WASHINGTON — A federal judge on Thursday pushed back on the government’s decision to ink deals in the Capitol riot cases that involve low-level misdemeanors, questioning whether that was appropriate for people involved in “terrorizing members of Congress.”
The unusual exchange came during a plea hearing for Jack Jesse Griffith, who was charged solely with misdemeanor crimes for going into the Capitol on Jan. 6; he wasn’t accused of violence or property destruction. As Griffith prepared to plead guilty to one count of parading, demonstrating, or picketing in a Capitol building — a class B misdemeanor with a maximum sentence of six months in jail — US District Chief Judge Beryl Howell asked the prosecutor to explain why Griffith’s deal involved a class of crime typically reserved for people who did things like trespass in a national park at night.
“I'm just curious — does the government have any concern given the factual predicate at issue here, of the defendant joining a mob, breaking into the Capitol building through a broken door, wandering through the Capitol building and stopping a constitutionally mandated duty of the Congress and terrorizing members of Congress, the vice president, who had to be evacuated?” Howell asked. “Does the government, in agreeing to the petty offense in this case, have any concern about deterrence?”
It was the second time this week that a judge questioned whether defendants charged in connection with Jan. 6 are getting off too lightly in plea deals, even if they’re not accused of more serious criminal activity, such as attacking police. On Tuesday, US District Judge Reggie Walton, one of Howell’s colleagues on the federal bench in Washington, DC, briefly pondered whether he should jail two defendants who signed a deal similar to Griffith’s, given their involvement in the “atrocious act” of storming the Capitol; he ultimately allowed them to go home until they’re sentenced in October.
Griffith is the 27th defendant charged in the Jan. 6 riots to appear before a judge to plead guilty, and the 21st person to plead guilty to a single misdemeanor as part of an agreement with prosecutors — either the parading count that Griffith pleaded guilty to or disorderly conduct in a Capitol building, which also has a maximum sentence of six months in jail.
Howell in the end accepted Griffith’s guilty plea, but, like Walton, put the government and defense through several paces before she did. She asked whether the government was concerned that an agreement involving a low-level misdemeanor was enough not only to deter Griffith from participating in a similar event in the future but also the broader universe of the hundreds of people who descended on the Capitol that day. The circumstance that led to the Jan. 6 insurrection, a presidential election, happens every four years, the judge noted.
Assistant US Attorney Mitra Jafary-Hariri and Griffith’s lawyer H. Heather Shaner defended the deal, telling Howell that Griffith had expressed interest in pleading guilty early on — something defendants throughout the criminal justice system typically get credit for — and had cooperated with law enforcement officials by turning over his devices and giving them access to his social media. Jafary-Hariri said that under those circumstances, the government decided it was “willing to resolve it this way.”
Howell pushed back on the notion that Griffith had earned the deal because of his cooperation, pointing out that the cooperation spelled out in the plea agreement was limited to sharing his online activity with investigators, not an ongoing commitment to speaking with law enforcement or testifying before a grand jury. Those types of cooperation agreements have cropped up in plea deals involving defendants accused of conspiring with other people to attack the Capitol.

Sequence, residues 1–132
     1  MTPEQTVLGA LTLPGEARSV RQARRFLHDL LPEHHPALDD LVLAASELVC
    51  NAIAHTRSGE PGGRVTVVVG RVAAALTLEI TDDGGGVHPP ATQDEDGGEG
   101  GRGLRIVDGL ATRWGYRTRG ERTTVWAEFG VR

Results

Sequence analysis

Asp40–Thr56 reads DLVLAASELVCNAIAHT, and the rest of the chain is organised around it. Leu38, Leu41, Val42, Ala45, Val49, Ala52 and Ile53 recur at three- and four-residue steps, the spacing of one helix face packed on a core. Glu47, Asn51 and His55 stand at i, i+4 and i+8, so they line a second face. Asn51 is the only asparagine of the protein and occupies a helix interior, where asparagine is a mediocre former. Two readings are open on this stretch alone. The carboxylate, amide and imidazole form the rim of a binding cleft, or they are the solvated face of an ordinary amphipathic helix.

Howell has previously questioned whether the charges filed against people arrested for participating in the riots were severe enough to reflect the full extent of what happened on Jan. 6. In late January, she ordered defendant Richard Barnett to stay in jail after he was arrested on charges of bringing a stun device into the Capitol as well as several misdemeanors and said at the time that she thought the charges were “too benign” to capture the scope of Barnett's and others’ participation. Barnett, who was photographed sitting in a chair in House Speaker Nancy Pelosi’s office with his foot on the desk, was later allowed to go home while his case is pending.
"What happened on that day is criminal activity that is destined to go down in the history books of this country," Howell said during the January hearing. "This was not a peaceful protest. Hundreds of people came to Washington, DC, to disrupt the transition of power and to thwart Congress, a branch of the federal government, in carrying out its duties, in fulfilling its constitutional task of officially certifying the votes of the Electoral College.”
A spokesperson for the US attorney’s office declined to comment. Shaner, asked via email if she wanted to comment on Howell’s remarks, replied, “You heard her. She made herself very clear.”
Griffith was arrested after an informant alerted the FBI about his Facebook posts, including a photo of himself inside the building smiling with his fist in the air and text that included the line, “I even helped stormed the capitol today, but it only made things worse," followed by a sad face emoji. Investigators identified Griffith in a video that one of his codefendants, Matthew Bledsoe, allegedly posted on Instagram that showed the two men just outside a door to the Capitol. In that video, Griffith “screams in excitement,” according to the FBI’s description in charging papers. (Bledsoe has not pleaded guilty.)
More than 550 people have been charged so far with participating in the riots. The guilty pleas entered to date represent a small percentage of those cases but have steadily started to come in over the past few weeks.